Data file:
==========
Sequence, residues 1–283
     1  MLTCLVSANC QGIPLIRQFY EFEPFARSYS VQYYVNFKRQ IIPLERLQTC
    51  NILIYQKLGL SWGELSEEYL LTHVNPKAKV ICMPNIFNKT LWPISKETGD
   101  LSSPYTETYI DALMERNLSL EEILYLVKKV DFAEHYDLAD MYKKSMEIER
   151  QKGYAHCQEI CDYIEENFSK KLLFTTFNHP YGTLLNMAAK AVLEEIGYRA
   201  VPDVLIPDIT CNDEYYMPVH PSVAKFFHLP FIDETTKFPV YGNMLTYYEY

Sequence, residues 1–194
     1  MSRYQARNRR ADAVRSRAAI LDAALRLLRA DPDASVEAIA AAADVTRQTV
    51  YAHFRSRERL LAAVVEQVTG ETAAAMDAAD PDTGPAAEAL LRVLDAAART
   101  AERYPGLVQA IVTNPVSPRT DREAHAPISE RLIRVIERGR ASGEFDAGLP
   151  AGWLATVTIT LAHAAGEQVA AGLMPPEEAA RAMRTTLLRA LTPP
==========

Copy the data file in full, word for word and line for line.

Sequence, residues 1–283
     1  MLTCLVSANC QGIPLIRQFY EFEPFARSYS VQYYVNFKRQ IIPLERLQTC
    51  NILIYQKLGL SWGELSEEYL LTHVNPKAKV ICMPNIFNKT LWPISKETGD
   101  LSSPYTETYI DALMERNLSL EEILYLVKKV DFAEHYDLAD MYKKSMEIER
   151  QKGYAHCQEI CDYIEENFSK KLLFTTFNHP YGTLLNMAAK AVLEEIGYRA
   201  VPDVLIPDIT CNDEYYMPVH PSVAKFFHLP FIDETTKFPV YGNMLTYYEY

Sequence, residues 1–194
     1  MSRYQARNRR ADAVRSRAAI LDAALRLLRA DPDASVEAIA AAADVTRQTV
    51  YAHFRSRERL LAAVVEQVTG ETAAAMDAAD PDTGPAAEAL LRVLDAAART
   101  AERYPGLVQA IVTNPVSPRT DREAHAPISE RLIRVIERGR ASGEFDAGLP
   151  AGWLATVTIT LAHAAGEQVA AGLMPPEEAA RAMRTTLLRA LTPP